phone-1209230_640Much of the post-Brexit discussion has focused on what might be called “visible” topics, such as immigration. It is, however, also important to think about financial matters and to take whatever steps are necessary to mitigate any potential negative consequences. In this article, we’ll take a look at Brexit and what it means (or could mean) for pensions and pensioners.
The UK state pension
The UK state pension is based on National Insurance contributions. These are paid by those in employment (which can include self-employment) and are paid on behalf of those in receipt of certain benefits. While it is arguably unlikely that any changes would be made to current entitlements for existing pensioners, there are plenty of open questions regarding future entitlements. George Osborne has already indicated that he thinks that taxes (and presumably NI) would need to go up and spending would need to go down to cope with the economic impact of a Brexit. This could have a number of implications for the state pension such as increased NI contributions being required to claim it, the state-pension age being increased (further) and/or the triple-lock guarantee being abandoned.
Defined-benefits workplace pensions
This type of pension scheme has already largely been abandoned in the private sector and employers who continue to offer such schemes tend to be ones in which there is a significant degree of union influence, this generally means the public-sector or formerly-national industries such as public transport, some of which at least continue to receive government (for which read taxpayer-funded) subsidies. Public-sector pensions have become an increasingly-contentious issue over recent years and could feasibly become a new battle-ground in a post-EU UK.
Defined-contributions workplace pensions
These are the de facto standard for workplace pensions and have been heavily promoted by the government over recent years (“We’re all in”). In these schemes, employees and employers both make contributions to a pension pot in readiness for an employee’s retirement. These contributions are currently determined as a percentage of the employee’s salary. When the auto-enrolment scheme was announced, the plan was to mandate a steady rise in the level of contributions over the forthcoming years. The Brexit decision may cause that position to be rethought. It may also cause employees to rethink their commitment to workplace pensions and either to look for alternative ways to save for retirement (ones which offer more flexibility) or to suspend their preparations for retirement in order to focus on present needs.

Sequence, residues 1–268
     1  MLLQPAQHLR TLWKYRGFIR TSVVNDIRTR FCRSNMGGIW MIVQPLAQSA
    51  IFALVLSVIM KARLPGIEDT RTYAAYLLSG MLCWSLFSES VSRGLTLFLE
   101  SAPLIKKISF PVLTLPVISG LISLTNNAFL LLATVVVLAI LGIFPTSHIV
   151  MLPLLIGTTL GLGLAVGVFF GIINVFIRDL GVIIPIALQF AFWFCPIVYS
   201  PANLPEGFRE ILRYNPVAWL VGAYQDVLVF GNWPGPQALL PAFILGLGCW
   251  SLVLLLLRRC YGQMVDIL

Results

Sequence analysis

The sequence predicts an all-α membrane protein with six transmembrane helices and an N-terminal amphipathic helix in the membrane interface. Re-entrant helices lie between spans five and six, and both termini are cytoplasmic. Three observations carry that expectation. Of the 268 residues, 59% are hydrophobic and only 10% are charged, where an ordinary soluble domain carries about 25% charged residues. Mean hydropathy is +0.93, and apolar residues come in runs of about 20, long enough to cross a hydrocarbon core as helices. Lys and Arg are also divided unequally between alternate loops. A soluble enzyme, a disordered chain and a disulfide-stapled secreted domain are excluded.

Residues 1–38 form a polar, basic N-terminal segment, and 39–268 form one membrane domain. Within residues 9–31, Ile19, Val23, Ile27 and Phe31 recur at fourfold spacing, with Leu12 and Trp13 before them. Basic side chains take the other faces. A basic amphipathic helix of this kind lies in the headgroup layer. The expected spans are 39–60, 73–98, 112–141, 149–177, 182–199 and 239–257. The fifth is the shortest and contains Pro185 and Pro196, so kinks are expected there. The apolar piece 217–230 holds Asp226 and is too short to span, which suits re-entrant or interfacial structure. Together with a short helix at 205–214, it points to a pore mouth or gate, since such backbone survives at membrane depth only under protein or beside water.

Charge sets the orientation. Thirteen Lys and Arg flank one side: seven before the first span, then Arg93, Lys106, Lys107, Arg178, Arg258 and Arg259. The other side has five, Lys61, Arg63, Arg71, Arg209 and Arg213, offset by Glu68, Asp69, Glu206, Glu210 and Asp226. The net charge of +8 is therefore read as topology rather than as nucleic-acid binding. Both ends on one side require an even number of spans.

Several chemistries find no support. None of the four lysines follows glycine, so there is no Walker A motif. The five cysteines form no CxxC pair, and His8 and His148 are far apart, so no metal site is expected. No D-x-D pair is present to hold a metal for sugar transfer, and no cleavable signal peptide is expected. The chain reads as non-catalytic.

Personal pensions
Personal pensions are essentially defined-contributions pensions without the involvement of an employer. They allow the self-employed and those out of employment (e.g. home-makers) to save towards a pension, but as with their workplace counterparts, they may lose favour to more flexible (if less tax-efficient alternatives) if people need to focus on the present.
Pensions in general
Ultimately all pensions, including taxpayer-funded ones are dependent on the returns from private enterprise (or state-owned assets). As the city of Detroit has so clearly demonstrated, life can get very interesting when commitments made by governments or government-backed organisations prove too much for the revenues which can reasonably be generated by the current generation of taxpayers. Likewise governments which have worked to incentivise people to save towards their retirement are likely to be very unhappy if they find that people have taken advantage of tax benefits only to lose the money they have saved over the years through poor investment choices. Hence it is possible that some people in government make seek to reverse the (relatively) new pensions freedoms and force pensioners back into annuities. The potential problem with this approach, however, is that it may simply encourage people to avoid pensions, in spite of their tax benefits.
Whilst all decisions are very much up in the air, if you have any concerns or questions regarding your current financial options we recommend that you talk to a financial adviser who should be able to allay your fears and answer your questions.